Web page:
We can learn a great deal of wisdom, and avoid a lot of pain and grief, by listening to stories of the harrowing experiences of others, and hearing how God has come to their aid in times of adversity.
Verses 9-10 remind us of the relative meaninglessness, or vanity, of human existence apart from our relationship with God, and our nature as created in God’s image. Both lowborn and highborn are a mere breath of air. Trust in our own resources and resourcefulness, or reliance on bribery and corruption, will always lead to failure and ultimate ruin. Put your trust in the right place! Trust in the all-powerful and all-loving God, not in seemingly powerful resources, or schemes, or threats, or people (cf Ps 52:6f).
Only in the last two verses does David address God (vv. 11-12). Perhaps this indicates his emotional exhaustion, or that he feels close to hopelessness, having exhausted all avenues of prayer and advice. But these are wonderful, hopeful words.
If you are looking for power, know that power belongs to God. If you are searching for love, you will find the strongest and deepest love, a love that overflows and never fails, in relationship with God. If you seek justice in an unfair and dog-eats-dog world, know that the living God is the ultimate judge who will weigh all our actions and dispense reward and punishment with absolute justice (Rom 2:5-6). The Bible teaches that the wrath of God against sin, rebellion and injustice is real, objective, uncompromising, inevitable and definitive.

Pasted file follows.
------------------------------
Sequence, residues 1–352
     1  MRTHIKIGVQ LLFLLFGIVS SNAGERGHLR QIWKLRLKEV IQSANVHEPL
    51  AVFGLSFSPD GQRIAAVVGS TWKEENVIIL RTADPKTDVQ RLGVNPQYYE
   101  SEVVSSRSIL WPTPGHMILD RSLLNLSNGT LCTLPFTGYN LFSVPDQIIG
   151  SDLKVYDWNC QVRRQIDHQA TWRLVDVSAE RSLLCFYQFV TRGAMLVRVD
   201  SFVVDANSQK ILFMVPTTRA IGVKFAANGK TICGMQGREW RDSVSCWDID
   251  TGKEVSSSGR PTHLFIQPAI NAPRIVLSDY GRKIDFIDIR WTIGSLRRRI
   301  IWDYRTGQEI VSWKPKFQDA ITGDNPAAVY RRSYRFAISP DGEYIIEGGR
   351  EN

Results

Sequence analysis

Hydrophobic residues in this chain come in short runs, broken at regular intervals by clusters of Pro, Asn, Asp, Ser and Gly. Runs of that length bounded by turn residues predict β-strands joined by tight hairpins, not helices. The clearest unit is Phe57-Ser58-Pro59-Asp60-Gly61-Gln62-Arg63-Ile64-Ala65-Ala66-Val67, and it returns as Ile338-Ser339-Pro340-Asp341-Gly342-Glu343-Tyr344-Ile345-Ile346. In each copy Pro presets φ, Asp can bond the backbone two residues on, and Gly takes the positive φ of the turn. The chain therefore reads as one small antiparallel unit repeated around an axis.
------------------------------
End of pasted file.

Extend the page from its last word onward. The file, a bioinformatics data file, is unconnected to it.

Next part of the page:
With all this knowledge of God as background, David declares: “Truly my soul finds rest in God; my salvation comes from him. Truly he is my rock and my salvation; he is my fortress, I will never be shaken” (v. 1). Is this your experience? Do you know this God who is not only holy and just, but loving and faithful and personal?
I invite you to join me in praying this contemporary prayer by Michael Leunig:
God, help us to rise up from our struggle, like a tree rises up from the soil, our roots reaching down to our trouble, our rich, dark dirt of existence, finding nourishment deeply and holding us firmly, always connected, growing upwards and into the sun. Amen.
Sermon 634 copyright © 2015 Rod Benson. Preached at Lithgow Baptist Church, Australia, on Sunday 6 September 2015. Unless otherwise noted, Scripture quotations are from The Holy Bible, New International Version (Grand Rapids: Zondervan, 2011).
 Quoted in William Sykes (ed.), The Eternal Vision (Norwich: Canterbury Press, 2002), p. 438.
 Michael Leunig, When I Talk to You (Sydney: Harper Collins, 2004), p. 58.
Image source: https://dailyverses.net/psalms/62/1